The United Nations has warned that the damage to the deep oceans is getting way out of control amd deep ocean pollution is a major threat. According to reports found on commondreams news center , This damage is caused by litter, pollution and overfishing of the oceans. In a report indicating very little time left to save the oceans, the UN has said that human exploitation of the deep ocean waters was quickly passing a point beyond which there is no returning.
Every year 75 million tons of fish are fished out, 100 million sharks are killed for fins, 250,000 turtles get tangled in fishing equipment, and 310,000 seabirds, including 110,000 albatrosses, all get killed by illegal fishing.
Three billion pieces of litter entered the waters at the rate of eight million per day. There are already 47,000 discarded plastic pieces per square mile of the seas that float on the surface waters. A million seabirds get killed every year. The temperature of the water has risen. Alkalinity has fallen. This is the result of the change in climate. Coral reefs off Belize and Australia are dying and some newly discovered corals in the Atlantic Ocean have been already destroyed by trawling.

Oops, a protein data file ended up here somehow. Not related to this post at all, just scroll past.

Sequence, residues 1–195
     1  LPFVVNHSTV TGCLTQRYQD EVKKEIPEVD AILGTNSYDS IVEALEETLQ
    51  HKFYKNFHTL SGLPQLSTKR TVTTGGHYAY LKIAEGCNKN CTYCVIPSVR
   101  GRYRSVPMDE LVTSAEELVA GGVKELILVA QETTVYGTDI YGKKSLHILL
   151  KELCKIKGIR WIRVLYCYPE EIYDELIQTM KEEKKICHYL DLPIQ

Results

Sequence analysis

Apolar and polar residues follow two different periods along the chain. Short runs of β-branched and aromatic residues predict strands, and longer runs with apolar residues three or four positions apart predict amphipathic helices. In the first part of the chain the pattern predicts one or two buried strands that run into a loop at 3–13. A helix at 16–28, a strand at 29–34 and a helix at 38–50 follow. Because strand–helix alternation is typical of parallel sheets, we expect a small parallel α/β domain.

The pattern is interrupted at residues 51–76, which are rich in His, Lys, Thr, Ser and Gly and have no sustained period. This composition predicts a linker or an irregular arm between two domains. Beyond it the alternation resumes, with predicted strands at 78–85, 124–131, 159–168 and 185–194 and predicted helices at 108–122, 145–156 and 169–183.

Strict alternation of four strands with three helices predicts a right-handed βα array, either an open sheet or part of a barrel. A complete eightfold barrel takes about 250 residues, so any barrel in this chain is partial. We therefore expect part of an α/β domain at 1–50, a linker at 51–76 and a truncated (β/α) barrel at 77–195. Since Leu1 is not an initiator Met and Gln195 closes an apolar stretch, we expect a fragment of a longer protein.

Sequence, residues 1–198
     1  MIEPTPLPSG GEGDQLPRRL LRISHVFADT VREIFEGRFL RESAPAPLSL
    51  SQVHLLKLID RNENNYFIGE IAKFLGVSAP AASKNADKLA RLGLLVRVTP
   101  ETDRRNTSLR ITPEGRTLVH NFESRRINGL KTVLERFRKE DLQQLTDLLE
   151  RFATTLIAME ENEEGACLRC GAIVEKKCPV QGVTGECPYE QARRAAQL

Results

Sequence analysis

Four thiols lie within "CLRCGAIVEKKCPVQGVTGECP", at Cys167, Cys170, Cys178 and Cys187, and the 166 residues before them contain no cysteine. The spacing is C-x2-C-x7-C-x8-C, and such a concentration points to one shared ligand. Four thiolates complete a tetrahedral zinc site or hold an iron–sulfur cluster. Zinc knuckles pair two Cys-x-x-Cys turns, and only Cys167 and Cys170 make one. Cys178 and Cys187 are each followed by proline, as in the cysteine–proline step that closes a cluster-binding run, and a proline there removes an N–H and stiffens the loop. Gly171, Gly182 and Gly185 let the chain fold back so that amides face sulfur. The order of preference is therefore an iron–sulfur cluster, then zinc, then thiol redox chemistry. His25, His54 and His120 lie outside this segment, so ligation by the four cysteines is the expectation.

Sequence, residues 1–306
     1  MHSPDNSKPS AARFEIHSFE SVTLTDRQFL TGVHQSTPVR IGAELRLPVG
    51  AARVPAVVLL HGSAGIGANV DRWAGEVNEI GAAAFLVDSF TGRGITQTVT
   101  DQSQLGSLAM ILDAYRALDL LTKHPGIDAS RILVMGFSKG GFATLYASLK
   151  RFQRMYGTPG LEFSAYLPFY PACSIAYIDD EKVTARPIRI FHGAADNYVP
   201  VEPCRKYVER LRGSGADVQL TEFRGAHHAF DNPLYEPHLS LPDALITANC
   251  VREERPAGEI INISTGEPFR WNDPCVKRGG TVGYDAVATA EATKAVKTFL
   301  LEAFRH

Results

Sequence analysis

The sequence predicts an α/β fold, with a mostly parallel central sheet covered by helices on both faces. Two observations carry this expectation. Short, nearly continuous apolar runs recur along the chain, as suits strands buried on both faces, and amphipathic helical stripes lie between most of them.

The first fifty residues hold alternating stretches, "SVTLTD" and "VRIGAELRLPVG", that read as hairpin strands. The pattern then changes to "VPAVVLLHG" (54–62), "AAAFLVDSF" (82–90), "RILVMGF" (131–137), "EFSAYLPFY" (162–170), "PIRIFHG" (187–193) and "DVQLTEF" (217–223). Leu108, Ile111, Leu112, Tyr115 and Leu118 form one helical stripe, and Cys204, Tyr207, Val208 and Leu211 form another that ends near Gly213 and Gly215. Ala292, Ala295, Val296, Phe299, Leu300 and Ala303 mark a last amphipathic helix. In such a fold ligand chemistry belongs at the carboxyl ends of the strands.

Achim Steiner is the executive director of UN’s environment program said that the pace of change has outstripped conservation efforts.
Mining could soon start on the ocean floors for the 1st time in history. Canada-based Nautilus Minerals has plans to mine for copper and gold off the coast of Papua Guinea.
More than 91% of the earth’s living organisms are to be found in the seas. Scientists are just now beginning to fathom their marine ecosystems. These are considered to be the cradle of life on the planet.
Mr. Steiner said that 65% of the marine biodiversity is vulnerable due to increasing risk. He called for rules, guidelines and actions to safeguard marine ecosystems.
The UN has advised countries to manage ocean waters along eco boundaries and not political boundaries. The UN says that more research is necessary to investigate 90% of the hitherto unexplored oceans. It also seeks greater protection for endangered species like marlin, cod and swordfish, which are now 90% lesser in numbers since the turn of the century.
Kristina Gjerde is a high seas adviser working with the International Union of Conservation’s Marine Global program. She said that today’s commercial activities at oceans are plunging ever deeper and expanding rapidly. She also said conservation efforts are being made more important due to climate change.
Deep ocean pollution will ultimately endanger the ecosystem and its wonderful inhabitants. Maybe bring them to extinction..